Medicines and treatments for adults with pneumonia

The treatment for your pneumonia will depend on what is causing it (i.e. a viral or bacterial infection).

Pneumonia in adults is usually caused by bacteria. If bacteria are causing the infection, your doctor will prescribe antibiotics. The antibiotic that is most appropriate for you depends on what type of bacteria is causing the infection, and how severe your symptoms are.

Less severe pneumonia infections can be treated with antibiotics at home.

If you haven’t improved at all 2 days after you start antibiotic treatment, or your symptoms get worse, see your doctor.

Find out how to relieve the symptoms of pneumonia.

Severe pneumonia

If you have severe pneumonia, are an older person or have another medical condition, you will be prescribed antibiotics and you might need to go to hospital.

Take your antibiotics for the length of time directed by your doctor, even if you are feeling better. If you don’t take antibiotics for the recommended length of time, bacteria that are not killed can become resistant to that antibiotic — and pass this antibiotic resistance on to other bacteria, and to other people.

Find out more about antibiotic resistance, how it can affect you and how you can help to prevent it.

Tell your doctor about all the medicines you are taking

It is important that you tell your health professional about all the medicines you or anyone in your care is taking — including prescription, over-the-counter and complementary medicines (herbal, ’natural’, vitamin or mineral supplements). This is because all medicines, including herbal and natural medicines, can cause side effects and may interact with other medicines.

Which antibiotics are used to treat pneumonia?


Amoxycillin (e.g. Amoxil) taken by mouth is the recommended treatment for the bacteria that commonly cause pneumonia (Streptococcus pneumoniae).

Amoxycillin is from the same family of antibiotics as penicillin, so if you have had a reaction to penicillin in the past, tell your doctor. Your doctor may prescribe doxycycline (e.g. Doxy-100) or clarithromycin (e.g. Klacid) instead.

If your symptoms haven’t improved at all 2 days after starting antibiotic treatment, or your symptoms get worse, see your doctor.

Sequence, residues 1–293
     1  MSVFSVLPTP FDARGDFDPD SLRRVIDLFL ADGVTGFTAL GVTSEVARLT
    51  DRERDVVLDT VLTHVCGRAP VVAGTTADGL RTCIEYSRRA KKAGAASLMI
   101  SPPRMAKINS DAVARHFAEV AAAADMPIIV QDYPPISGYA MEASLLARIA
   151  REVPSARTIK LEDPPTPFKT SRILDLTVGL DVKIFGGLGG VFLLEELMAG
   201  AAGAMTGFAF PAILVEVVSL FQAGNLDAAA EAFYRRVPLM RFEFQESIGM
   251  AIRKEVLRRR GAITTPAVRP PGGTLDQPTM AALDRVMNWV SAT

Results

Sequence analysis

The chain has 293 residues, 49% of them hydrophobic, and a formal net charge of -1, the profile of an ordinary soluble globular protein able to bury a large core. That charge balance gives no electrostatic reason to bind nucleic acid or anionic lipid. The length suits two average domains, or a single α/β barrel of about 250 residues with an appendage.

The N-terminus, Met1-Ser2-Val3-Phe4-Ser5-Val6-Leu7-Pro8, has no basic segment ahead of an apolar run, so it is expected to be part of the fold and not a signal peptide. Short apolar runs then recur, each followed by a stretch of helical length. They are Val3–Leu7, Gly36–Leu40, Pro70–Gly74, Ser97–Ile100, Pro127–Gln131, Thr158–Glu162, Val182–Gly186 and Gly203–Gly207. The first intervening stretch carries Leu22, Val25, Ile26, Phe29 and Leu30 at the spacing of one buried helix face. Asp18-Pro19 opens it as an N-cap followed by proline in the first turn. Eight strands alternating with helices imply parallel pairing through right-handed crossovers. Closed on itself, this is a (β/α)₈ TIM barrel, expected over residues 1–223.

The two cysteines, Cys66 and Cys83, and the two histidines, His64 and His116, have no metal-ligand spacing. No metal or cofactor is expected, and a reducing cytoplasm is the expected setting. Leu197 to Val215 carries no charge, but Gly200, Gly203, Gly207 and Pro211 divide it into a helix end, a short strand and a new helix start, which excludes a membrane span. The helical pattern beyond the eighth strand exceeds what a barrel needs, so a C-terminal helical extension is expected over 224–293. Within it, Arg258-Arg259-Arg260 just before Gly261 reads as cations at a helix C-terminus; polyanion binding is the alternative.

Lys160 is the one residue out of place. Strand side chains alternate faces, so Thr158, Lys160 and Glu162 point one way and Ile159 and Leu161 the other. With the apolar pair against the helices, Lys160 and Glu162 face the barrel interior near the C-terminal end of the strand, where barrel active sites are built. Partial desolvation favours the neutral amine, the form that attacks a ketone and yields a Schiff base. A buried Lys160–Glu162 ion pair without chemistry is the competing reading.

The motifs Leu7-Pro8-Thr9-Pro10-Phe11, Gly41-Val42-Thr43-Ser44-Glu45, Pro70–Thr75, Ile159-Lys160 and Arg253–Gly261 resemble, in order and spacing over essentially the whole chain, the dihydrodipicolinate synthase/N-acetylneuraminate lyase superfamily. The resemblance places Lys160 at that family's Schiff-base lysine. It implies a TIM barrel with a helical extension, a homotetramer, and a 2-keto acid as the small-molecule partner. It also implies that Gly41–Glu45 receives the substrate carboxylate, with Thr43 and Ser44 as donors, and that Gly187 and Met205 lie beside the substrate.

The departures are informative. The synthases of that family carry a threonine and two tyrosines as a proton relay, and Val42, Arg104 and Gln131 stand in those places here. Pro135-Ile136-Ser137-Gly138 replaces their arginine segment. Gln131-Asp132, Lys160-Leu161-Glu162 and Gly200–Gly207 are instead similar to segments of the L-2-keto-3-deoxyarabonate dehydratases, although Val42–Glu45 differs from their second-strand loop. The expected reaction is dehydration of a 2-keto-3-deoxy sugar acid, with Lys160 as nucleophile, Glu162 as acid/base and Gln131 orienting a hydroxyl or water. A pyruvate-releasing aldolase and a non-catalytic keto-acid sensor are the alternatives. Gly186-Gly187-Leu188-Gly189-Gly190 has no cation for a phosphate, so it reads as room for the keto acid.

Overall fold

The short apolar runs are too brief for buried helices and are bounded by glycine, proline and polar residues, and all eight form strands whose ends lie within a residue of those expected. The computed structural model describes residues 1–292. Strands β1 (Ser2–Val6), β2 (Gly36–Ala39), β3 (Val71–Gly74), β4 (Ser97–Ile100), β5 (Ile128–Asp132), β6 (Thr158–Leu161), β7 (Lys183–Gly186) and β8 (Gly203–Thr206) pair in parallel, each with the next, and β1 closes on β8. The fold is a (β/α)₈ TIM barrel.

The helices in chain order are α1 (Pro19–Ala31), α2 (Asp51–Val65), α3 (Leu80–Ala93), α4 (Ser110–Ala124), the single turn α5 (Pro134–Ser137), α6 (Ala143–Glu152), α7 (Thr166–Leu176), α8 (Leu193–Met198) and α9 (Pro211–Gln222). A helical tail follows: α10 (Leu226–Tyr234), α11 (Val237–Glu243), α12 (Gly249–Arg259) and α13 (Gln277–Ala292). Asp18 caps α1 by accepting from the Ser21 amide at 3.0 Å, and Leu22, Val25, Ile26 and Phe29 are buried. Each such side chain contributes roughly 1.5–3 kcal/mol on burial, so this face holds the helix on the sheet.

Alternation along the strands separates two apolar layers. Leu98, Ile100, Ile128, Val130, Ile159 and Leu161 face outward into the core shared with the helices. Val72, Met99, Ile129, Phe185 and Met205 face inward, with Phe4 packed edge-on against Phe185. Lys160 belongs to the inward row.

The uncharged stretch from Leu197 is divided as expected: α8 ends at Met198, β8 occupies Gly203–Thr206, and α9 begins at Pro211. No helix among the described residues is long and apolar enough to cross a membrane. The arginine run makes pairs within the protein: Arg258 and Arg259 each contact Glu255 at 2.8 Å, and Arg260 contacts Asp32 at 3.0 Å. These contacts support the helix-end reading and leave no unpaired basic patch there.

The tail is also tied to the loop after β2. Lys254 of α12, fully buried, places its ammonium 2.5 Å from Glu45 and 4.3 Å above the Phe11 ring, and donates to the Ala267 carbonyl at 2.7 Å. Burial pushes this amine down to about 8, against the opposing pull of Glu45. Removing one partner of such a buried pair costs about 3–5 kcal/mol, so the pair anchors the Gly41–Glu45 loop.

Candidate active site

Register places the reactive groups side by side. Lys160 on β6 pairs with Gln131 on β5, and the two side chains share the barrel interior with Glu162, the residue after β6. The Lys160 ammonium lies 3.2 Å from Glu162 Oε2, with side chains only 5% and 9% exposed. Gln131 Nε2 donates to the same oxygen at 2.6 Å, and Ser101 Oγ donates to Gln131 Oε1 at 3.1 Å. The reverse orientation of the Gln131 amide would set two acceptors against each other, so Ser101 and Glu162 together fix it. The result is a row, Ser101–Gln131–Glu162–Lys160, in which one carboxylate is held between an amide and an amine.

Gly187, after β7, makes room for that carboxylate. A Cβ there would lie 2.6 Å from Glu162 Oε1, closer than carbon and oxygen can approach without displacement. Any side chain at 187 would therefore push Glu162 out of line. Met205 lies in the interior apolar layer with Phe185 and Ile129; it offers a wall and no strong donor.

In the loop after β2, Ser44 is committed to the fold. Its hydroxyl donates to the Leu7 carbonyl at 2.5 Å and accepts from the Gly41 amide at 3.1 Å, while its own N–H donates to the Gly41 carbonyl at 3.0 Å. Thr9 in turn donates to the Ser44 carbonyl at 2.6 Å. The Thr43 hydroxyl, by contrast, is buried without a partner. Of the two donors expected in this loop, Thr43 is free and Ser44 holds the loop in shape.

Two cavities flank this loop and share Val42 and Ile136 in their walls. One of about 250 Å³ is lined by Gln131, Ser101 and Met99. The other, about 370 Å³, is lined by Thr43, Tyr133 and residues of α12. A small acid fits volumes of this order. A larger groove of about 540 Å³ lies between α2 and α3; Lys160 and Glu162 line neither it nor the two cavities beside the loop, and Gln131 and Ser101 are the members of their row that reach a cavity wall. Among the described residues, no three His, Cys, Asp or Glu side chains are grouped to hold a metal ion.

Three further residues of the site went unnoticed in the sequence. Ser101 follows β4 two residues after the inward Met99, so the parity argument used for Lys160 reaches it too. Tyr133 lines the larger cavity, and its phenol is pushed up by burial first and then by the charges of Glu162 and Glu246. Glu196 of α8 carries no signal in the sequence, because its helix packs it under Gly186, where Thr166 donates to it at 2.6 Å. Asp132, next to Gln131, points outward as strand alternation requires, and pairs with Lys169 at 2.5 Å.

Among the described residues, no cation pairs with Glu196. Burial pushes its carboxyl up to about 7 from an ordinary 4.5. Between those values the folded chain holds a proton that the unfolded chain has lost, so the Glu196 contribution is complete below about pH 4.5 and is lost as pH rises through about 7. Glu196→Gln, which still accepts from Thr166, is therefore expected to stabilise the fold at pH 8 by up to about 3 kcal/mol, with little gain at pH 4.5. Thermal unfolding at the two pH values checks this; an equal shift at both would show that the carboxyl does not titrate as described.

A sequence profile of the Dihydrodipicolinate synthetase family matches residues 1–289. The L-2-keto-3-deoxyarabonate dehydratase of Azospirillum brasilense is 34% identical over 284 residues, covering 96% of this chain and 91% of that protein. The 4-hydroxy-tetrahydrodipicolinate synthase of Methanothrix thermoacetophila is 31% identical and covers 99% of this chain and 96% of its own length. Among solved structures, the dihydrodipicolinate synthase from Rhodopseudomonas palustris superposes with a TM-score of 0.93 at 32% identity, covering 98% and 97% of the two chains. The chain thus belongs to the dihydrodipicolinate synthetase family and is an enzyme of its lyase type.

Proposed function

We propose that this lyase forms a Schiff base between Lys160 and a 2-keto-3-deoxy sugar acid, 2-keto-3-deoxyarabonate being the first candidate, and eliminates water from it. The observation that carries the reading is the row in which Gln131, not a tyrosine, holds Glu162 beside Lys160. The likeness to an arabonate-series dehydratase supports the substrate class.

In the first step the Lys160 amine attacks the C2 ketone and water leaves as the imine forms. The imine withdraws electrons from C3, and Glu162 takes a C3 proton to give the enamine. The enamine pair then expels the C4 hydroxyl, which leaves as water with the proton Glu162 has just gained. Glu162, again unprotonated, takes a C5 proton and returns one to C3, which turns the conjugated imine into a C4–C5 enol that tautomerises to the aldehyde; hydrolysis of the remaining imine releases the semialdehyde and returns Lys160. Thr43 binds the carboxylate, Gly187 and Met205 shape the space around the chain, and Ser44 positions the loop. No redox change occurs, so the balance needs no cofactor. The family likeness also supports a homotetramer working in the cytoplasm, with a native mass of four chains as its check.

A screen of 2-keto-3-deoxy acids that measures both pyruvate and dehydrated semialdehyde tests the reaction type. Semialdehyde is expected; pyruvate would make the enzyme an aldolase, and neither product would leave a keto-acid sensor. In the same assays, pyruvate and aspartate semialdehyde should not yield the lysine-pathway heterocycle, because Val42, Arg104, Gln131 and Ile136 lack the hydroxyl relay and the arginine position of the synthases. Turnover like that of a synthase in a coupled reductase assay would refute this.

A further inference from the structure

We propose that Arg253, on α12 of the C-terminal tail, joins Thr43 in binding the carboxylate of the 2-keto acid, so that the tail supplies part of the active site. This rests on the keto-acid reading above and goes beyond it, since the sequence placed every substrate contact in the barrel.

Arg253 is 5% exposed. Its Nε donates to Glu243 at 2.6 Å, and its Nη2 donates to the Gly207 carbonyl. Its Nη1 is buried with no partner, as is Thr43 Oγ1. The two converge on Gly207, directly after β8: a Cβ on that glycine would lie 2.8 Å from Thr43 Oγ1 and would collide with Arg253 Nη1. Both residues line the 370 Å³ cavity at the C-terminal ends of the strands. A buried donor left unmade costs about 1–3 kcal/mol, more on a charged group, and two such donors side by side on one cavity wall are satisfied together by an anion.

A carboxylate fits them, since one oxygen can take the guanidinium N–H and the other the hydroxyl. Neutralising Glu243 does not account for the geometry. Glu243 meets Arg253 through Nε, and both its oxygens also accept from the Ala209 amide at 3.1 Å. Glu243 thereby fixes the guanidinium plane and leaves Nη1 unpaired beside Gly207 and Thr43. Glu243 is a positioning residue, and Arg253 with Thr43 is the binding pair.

Read more about amoxycillin, doxycycline and clarithromycin.

Note about medicines names

Most medicines have two names: the active ingredient and the brand name. The active ingredient is the chemical in the medicine that makes it work. The brand name is the name given to the medicine by its manufacturer. There may be several brands that contain the same active ingredient. This website uses active ingredient names (e.g. amoxycillin), with brand names in brackets and with a capital letter (e.g. Amoxil). We also discuss medicines in groups or ‘classes’ when their effects or actions are very similar.

To find out more about active ingredients and brand names read our brand choices information.

Other antibiotics

If you need hospital treatment for your pneumonia, the antibiotics you will be given will depend on the severity of your symptoms and the type of bacteria causing your infection.

Less severe pneumonia may be treated with benzylpenicillin together with doxycyline or clarithromycin.

If your symptoms are severe you may be given azithromycin together with benzylpenicillin and gentamicin.

To find out more, read our medicines information pages on amoxycillin, azithromycin, clarithromycin, and doxycycline.

Phone for medicines information

Call NPS Medicines Line on 1300 MEDICINE (1300 633 424) to get information about your prescription, over-the-counter and complementary medicines (herbal, ‘natural’, vitamins and mineral supplements) from a pharmacist. Your call will be answered by healthdirect Australia (except Queensland and Victoria).

  • Antibiotic Expert Group. Community-acquired pneumonia in adults. In: eTG complete [online]. Therapeutic guidelines: antibiotic. Melbourne: Therapeutic Guidelines Limited; 2012. (Accessed 19 March 2012).
  • Rossi S, ed. eAMH [online]. Adelaide: Australian Medicines Handbook, July 2012.